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Live from the Support Group Leaders' Summit - Oh, Nurse!

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Bonnie Jenkins, RN, an integral part of Dr. Barlogie's team and member of the IMF Nurse Leadership Board, got a standing ovation for her talk. She covered three areas of interest:

  1. Sub Cutaneous Velcade

    • At 12 weeks, drug effectiveness is the same as IV
    • But overall a 63% reduction in severe neuropathy
    • Patients feel increased convenience, so maybe in the distant future there might be a place for home administration of the drug in maintenance. Think insulin....it's not out of the realm of possibility.

  2. Peripheral Neuropathy (PN)

    • Myeloma itself can cause PN, as can diabetes, shingles, vitamin deficiency
    • Chemo-induced PN is as individual as each patient.
    • Insufficient evidence was found to recommend non-pharmacologic or pharmacologic agents to treat PN
    • Evidence is mounting for the merits of physical activity in preventing and managing side effects
    • There are diagnostic tests for determining if the neuropathy is chemo-induced
    • To deal with PN, you need to try more than one approach and talk about it in your support group. Share ideas. See what works and what doesn't.
    • "Nutritional management is used to increase oxide synthesis and may offer the potential advantage of improving blood flow to the peripheral nerves and reduce symptoms." Metanx has had some positive results. It is a medical food complex that helps to convert arginine into nitric oxide.

  3. I Will Survive! What do I do now that I forgot to die?

    This talk is part of the Nurse Leadership Board's work on the long term care of myeloma patients. They will be publishing consensus statements shortly on managing the issues she talked about. But first she made us all stand up and dance to Gloria Gaynor's "I Will Survive!"

    • What is the life-long impact of out-living myeloma? First remember that you are a person who needs to be taken care of outside the myeloma. You may have issues caused by age and other conditions that are unrelated to the myeloma.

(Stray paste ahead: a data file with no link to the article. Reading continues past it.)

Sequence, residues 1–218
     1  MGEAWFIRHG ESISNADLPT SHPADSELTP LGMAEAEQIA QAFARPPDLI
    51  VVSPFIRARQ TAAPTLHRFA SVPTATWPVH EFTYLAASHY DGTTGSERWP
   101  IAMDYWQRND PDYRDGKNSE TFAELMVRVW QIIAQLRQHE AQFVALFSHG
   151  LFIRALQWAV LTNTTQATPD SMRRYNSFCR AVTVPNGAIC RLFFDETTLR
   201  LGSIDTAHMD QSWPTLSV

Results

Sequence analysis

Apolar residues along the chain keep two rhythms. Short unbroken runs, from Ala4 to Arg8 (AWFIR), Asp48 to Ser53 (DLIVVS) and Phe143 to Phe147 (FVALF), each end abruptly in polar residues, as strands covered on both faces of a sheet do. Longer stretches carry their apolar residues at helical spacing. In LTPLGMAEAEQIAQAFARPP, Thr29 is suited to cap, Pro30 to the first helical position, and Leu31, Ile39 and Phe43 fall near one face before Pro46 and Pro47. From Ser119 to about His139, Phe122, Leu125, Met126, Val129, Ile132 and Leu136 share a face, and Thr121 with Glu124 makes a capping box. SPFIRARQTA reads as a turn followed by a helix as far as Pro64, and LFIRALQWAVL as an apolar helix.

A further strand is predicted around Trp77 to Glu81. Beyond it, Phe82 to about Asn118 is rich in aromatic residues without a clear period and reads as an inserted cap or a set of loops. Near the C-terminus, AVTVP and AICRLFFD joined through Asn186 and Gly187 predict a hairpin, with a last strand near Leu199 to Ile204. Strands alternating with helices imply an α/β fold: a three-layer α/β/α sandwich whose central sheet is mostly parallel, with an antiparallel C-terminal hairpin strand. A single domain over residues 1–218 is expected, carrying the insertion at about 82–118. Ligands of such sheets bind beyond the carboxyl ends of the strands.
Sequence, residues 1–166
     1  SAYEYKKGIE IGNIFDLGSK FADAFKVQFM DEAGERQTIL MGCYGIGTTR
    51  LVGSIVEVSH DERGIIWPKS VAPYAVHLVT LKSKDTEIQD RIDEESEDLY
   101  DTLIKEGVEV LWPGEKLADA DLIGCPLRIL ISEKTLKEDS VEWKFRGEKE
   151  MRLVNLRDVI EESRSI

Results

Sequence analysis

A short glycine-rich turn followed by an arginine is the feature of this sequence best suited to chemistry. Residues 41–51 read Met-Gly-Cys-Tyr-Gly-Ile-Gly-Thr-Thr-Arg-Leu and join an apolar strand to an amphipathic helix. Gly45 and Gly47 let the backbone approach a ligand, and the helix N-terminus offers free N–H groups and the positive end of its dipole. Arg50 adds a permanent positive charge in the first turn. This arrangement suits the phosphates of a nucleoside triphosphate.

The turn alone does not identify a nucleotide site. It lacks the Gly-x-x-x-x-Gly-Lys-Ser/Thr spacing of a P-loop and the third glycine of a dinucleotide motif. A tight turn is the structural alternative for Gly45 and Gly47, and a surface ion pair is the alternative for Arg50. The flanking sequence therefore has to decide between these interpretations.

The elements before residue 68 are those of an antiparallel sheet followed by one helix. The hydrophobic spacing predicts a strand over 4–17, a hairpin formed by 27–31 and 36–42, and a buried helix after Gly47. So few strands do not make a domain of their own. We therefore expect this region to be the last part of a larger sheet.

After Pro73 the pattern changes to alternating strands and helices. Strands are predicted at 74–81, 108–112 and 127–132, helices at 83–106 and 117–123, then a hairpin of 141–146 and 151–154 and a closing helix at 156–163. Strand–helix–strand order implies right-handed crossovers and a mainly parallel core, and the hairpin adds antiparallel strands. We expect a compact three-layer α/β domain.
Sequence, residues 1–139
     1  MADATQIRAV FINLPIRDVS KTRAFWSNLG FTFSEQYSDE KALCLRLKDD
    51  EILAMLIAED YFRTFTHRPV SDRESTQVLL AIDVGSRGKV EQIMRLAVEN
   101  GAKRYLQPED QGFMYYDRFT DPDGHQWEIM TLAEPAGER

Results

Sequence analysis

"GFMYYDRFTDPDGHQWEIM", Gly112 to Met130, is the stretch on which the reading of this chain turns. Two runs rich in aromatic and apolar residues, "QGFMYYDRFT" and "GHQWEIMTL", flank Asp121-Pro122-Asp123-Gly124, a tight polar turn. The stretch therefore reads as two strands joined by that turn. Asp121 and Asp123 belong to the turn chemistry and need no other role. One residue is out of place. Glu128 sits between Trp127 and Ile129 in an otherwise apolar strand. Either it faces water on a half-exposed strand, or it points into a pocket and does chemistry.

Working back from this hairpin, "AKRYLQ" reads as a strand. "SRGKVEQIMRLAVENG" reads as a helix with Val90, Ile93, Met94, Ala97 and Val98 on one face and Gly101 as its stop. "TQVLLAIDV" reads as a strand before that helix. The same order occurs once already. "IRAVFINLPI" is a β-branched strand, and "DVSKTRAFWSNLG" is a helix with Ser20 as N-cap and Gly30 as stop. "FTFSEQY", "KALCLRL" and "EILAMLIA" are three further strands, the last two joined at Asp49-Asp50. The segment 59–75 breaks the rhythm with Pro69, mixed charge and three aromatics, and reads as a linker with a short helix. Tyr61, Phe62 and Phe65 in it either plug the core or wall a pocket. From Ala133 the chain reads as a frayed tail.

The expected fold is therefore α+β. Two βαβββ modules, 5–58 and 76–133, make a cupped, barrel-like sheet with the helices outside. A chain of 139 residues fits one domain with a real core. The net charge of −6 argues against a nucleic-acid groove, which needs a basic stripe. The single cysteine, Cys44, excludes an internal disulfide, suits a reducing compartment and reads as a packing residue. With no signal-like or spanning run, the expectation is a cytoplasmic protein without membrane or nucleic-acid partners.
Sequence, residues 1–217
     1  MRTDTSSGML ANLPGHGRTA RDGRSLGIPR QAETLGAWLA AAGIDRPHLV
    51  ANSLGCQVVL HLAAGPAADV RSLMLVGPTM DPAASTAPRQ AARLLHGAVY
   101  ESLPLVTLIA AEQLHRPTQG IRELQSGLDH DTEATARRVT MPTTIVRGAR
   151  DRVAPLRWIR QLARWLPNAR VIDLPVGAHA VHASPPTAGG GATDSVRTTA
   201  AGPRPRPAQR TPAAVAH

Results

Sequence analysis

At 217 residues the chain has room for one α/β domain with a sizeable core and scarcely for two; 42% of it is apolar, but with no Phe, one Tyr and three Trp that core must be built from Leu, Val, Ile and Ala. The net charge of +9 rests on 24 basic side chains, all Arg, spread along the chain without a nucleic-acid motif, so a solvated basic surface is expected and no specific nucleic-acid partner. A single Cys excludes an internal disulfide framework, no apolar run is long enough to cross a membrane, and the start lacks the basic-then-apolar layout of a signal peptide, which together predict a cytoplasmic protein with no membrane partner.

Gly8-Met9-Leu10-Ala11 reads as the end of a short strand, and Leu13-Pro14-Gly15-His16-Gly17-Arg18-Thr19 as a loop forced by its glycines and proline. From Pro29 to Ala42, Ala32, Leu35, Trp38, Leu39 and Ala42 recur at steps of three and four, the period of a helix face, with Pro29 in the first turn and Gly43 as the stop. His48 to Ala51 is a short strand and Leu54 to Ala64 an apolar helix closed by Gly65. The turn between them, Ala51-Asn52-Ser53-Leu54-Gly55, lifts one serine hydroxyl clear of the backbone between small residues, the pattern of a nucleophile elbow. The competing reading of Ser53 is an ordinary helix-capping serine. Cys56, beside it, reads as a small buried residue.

• Download NLB novel therapy side-effects management papers on the IMF website. These are the output of the Nurse Leadership Board's first project, and they are essential for guiding the management of the side effects of the novel thereapies.

    • Bone disease
      • Don't stop medical follow-up because you are in remission
      • Always clear your meds and supplements with your doctor. Or see the nutritionist at the hospital.
      • Pain management may be a life-long issue. See a specialist
      • Learn what constitutes a symptom that needs immediate attention
      • Skeletal events may progress despite continued treatment.
      • Mobility issues pose serious challenges to myeloma patients. Be careful of falls. You may fall because of a number of other factories, including vision, 
    • Kidney dysfunction is one of the common features of myeloma, but it isn't always the myeloma.

    • Renal dysfunction and renal insufficiency are common clinical features. Enjoy the outdoors, but don't get dehydrated.

    • Sexual dysfunction is exacerbated by chemo. But it may have been going on before, and you just didn't talk about it.
  4. Then she talked about the Seasons of Survival and the issues related to them. Particularly extended survival.

    • Acute survival

    • Extended survival: watchful waiting, consolidation, or intermittent therapy
      • family/social problems
      • financial/insurance
      • unexpected new long-term complications
      • second cancers
      • Long-term maintenance for survivors: Quality of Life
    • Permanent survival: "cure"
Finally she told us to "Just remember that it is all worth it. Every single day."

She closed her talk with Israel Kamakawiwo'ole's "Over the Rainbow." It was at that point that we all stood up and cheered.

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1 Comment

Sure wish we could get a video of this presentation instead of just the outline and review. We need this info as much as we need info from the doctors and research summaries...maybe a whole lot more.

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